To provide more informed guidance for clinical decision-making, the present study retrospectively compared the clinical outcomes of single-session MWA with LA for patients with BTNs.



The Ethics Committee of Third Xiangya Hospital of Central South University approved this retrospective study and waived the requirement of written informed consent. Each patient provided written informed consent before MWA or LA after full explanation of the purpose and nature of the procedure used. The ablations were performed in accordance with approved guidelines and regulations, in a dedicated interventional operating room by a doctor with 10 years' experience.

For this study, all the patients conformed to the following inclusion criteria: a nodule that was >50% solid and benign, confirmed by cytologic examination or histopathological biopsy; with neck symptoms, cosmetic problems, or refused surgery or clinical observations, requiring minimally invasive interventional therapy with absolute informed consent; and serum levels of thyrotropin and thyroid hormone within normal limits. Cytologic examination was conducted in accordance with the American Bethesda System for Reporting Thyroid Cytopathology. Patients with any of the following were excluded from this study: medication or other treatment for TNs after ablation; incomplete data, or follow-up shorter than 6 months.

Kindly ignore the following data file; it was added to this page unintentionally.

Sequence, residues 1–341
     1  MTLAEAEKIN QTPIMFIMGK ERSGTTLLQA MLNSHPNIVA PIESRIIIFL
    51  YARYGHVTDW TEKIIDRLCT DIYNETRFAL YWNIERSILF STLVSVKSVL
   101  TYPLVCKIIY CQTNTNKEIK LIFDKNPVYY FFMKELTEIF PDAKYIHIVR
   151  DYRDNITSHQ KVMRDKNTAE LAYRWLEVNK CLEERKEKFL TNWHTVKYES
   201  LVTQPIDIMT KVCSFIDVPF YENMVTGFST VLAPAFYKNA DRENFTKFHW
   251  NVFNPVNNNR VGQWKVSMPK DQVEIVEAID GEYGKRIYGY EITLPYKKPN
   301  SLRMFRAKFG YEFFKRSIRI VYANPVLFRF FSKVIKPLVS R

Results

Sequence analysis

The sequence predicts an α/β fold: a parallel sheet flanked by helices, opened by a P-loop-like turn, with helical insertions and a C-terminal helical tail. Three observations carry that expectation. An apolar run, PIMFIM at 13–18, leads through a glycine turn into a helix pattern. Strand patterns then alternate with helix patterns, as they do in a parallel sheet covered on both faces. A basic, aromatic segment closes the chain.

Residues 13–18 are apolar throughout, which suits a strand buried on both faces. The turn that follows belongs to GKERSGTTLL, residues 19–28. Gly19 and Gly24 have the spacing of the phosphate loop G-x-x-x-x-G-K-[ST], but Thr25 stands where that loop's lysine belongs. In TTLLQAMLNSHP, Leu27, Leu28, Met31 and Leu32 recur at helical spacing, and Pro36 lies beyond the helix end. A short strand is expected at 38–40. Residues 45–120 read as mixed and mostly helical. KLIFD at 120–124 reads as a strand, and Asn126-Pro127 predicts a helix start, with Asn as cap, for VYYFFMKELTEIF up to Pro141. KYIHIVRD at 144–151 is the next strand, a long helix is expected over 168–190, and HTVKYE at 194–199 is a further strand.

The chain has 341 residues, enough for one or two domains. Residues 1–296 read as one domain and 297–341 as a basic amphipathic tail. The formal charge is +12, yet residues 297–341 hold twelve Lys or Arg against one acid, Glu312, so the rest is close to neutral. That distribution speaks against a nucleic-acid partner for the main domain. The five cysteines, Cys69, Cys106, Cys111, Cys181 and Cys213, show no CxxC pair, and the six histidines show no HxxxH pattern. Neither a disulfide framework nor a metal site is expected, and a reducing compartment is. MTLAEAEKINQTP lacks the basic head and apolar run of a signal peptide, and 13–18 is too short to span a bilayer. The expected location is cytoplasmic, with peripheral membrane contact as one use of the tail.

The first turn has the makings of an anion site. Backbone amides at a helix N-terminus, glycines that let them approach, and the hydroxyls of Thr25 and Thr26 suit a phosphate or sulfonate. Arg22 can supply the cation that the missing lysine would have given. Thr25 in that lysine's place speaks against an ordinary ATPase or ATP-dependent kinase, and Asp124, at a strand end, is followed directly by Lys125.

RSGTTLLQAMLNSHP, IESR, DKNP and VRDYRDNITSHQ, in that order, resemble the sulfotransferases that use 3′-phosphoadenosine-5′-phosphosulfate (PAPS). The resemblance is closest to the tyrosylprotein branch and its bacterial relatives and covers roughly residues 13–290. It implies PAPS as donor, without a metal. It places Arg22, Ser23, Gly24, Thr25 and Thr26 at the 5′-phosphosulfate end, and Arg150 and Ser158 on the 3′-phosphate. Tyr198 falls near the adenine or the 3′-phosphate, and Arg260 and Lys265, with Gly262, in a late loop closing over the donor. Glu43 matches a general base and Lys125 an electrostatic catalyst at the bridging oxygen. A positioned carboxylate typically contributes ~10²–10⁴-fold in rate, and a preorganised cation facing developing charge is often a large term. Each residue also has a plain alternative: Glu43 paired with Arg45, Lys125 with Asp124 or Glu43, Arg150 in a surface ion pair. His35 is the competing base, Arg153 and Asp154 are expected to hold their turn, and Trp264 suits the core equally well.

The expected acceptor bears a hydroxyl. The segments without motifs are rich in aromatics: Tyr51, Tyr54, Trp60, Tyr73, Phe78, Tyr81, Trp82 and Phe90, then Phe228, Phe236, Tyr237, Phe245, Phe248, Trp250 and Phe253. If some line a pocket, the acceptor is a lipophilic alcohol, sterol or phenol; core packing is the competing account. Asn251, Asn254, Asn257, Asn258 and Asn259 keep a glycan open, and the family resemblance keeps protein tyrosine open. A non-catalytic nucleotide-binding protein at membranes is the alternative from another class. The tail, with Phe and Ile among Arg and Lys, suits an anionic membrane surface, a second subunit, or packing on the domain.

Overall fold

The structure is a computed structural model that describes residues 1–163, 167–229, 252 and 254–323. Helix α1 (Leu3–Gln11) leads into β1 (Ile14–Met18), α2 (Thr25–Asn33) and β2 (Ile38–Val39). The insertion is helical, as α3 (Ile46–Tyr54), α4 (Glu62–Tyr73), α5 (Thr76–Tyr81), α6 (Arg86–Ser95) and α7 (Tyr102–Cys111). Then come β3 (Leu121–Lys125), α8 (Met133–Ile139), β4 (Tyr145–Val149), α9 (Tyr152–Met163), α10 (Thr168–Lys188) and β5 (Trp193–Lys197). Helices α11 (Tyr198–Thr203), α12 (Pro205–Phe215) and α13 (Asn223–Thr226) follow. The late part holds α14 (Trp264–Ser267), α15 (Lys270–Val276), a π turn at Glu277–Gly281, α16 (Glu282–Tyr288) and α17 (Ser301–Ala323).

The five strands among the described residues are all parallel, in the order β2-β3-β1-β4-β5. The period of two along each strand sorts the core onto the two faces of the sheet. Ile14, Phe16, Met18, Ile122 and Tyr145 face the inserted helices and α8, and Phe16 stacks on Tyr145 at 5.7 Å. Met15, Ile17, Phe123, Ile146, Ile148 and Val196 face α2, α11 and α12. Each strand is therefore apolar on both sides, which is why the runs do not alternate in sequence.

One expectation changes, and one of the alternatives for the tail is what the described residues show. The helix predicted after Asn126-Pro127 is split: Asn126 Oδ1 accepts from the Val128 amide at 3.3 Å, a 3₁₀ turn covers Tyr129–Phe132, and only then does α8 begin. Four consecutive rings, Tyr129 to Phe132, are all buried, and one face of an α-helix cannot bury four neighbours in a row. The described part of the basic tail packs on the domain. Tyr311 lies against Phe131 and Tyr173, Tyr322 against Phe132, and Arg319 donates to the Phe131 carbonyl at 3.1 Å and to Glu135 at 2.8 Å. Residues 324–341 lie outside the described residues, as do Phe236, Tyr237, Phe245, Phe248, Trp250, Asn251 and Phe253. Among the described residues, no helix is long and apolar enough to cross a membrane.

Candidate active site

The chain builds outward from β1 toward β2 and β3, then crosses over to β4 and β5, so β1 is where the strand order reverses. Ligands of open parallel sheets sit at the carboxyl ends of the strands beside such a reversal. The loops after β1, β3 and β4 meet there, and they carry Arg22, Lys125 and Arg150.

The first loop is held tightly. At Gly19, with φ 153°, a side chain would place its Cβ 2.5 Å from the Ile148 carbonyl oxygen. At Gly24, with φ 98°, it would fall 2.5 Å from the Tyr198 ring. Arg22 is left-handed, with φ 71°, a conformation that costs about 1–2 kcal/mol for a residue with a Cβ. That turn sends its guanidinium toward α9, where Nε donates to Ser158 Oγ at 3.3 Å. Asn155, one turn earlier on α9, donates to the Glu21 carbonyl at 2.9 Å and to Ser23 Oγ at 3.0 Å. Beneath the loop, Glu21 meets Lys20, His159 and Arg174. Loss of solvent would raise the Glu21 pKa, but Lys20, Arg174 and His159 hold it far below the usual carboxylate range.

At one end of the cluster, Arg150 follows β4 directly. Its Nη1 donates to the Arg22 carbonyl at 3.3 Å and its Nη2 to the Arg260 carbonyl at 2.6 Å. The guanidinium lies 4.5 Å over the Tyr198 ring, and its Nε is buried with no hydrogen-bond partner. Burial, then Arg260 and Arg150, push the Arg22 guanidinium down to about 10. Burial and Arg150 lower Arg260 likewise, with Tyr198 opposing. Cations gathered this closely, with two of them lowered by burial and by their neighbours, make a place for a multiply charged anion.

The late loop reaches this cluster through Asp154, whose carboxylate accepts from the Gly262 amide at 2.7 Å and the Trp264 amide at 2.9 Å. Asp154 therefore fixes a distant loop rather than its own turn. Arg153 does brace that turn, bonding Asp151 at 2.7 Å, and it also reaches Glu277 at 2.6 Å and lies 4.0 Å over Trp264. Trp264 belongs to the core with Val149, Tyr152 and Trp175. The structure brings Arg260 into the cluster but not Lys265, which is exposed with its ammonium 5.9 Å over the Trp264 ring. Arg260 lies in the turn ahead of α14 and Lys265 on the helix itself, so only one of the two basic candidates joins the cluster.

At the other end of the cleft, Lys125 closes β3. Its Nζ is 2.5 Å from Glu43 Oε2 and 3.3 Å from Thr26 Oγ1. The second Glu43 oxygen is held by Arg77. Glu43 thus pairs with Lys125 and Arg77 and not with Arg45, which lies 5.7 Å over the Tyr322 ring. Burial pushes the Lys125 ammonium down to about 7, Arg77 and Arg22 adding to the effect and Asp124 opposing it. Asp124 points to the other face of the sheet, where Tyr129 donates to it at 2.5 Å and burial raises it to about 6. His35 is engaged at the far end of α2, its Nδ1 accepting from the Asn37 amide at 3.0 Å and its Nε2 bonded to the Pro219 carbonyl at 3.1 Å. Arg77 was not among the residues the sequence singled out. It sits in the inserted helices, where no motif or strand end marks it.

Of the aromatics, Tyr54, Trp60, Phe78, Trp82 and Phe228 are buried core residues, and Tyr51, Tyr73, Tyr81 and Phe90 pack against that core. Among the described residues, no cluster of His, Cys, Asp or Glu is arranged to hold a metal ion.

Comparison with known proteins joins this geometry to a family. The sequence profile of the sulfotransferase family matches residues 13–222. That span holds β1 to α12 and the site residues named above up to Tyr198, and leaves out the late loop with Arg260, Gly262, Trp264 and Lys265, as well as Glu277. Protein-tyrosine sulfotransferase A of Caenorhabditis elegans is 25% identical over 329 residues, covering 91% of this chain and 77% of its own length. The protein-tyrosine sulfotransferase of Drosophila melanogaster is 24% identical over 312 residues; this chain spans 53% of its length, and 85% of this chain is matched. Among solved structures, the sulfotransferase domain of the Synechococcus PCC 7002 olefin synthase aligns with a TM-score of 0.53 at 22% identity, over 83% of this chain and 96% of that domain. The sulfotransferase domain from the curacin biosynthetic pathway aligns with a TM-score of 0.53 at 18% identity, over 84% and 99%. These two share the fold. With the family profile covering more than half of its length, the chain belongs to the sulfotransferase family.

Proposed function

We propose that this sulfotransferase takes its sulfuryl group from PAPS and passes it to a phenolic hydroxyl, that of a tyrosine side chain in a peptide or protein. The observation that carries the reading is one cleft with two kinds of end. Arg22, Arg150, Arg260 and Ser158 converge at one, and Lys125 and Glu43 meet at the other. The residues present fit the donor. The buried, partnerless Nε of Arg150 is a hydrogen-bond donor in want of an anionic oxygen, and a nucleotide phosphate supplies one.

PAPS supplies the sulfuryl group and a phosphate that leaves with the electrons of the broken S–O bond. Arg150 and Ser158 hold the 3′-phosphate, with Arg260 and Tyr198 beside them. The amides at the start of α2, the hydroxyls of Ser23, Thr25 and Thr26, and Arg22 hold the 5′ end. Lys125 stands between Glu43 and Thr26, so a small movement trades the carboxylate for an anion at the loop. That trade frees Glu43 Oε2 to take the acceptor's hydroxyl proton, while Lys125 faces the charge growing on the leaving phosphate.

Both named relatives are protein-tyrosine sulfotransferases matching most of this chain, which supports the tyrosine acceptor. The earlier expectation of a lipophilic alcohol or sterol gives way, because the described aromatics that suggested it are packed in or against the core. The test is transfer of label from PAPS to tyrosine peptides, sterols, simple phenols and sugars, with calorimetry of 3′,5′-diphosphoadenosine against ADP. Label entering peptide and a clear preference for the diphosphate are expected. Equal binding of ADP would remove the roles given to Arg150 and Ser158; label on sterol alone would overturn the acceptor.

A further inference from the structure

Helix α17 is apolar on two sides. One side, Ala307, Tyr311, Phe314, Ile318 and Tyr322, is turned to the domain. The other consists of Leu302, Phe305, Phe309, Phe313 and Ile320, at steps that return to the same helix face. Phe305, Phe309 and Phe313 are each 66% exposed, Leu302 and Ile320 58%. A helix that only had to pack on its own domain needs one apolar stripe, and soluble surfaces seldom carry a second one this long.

The ultrasound system was a MyLab Twice color Doppler ultrasound system (Esaote, Italy) equipped with contrast-enhanced ultrasound imaging technology. High-resolution linear probes (6–12 MHz) were used to monitor and direct the cytological or histological examination, pre-ablation assessment, ablation therapy, and follow-up.

MWA was performed with a KY-2000 2450 MHz microwave system (KY-2000, Kangyou Medical, Nanjing, China) produced by Nanjing Kangyou Medical, equipped with a 16-gauge, Teflon-coated, internal-cooled microwave antenna with a 3-mm active tip and a 10-cm shaft. This equipment was specifically modified for the ablation of TNs.

LA was conducted with an ultrasonic laser integrated system produced by Italian Esaote Medical, and Echolaser X4 laser treatment system. The device comprised a 1,064-μm diode laser unit with a maximum of 4 laser sources, each with an individual energy emission setting and independent activation, 0.3-mm diameter optic fiber, 21-gauge Chiba needle, and a foot pedal.

Pre-Ablation Evaluations

To determine the diagnosis of TNs before ablation, a cytologic examination by fine-needle aspiration biopsy was necessary. In the event of a non-diagnostic cytology result, an additional histopathological examination by core-needle biopsy was conducted (7, 8). The ultrasound examination was indispensable for identifying and classifying the target nodule and characterizing the anatomical relationship between the nodule and the important surrounding structures.

The maximum diameter and two orthogonal diameters, echoic characteristics, internal blood flow distribution, and the ratio of solid components of each nodule were obtained by an experienced sonographer. The nodule volume (V) was estimated by the ellipsoid formula V = πabc/6, where a is the maximum diameter, and b and c are the 2 orthogonal diameters. Prior to ablation, the nodules were classified as either large or small (nodular volume ≥13 or <13 mL, respectively), as in prior studies (911).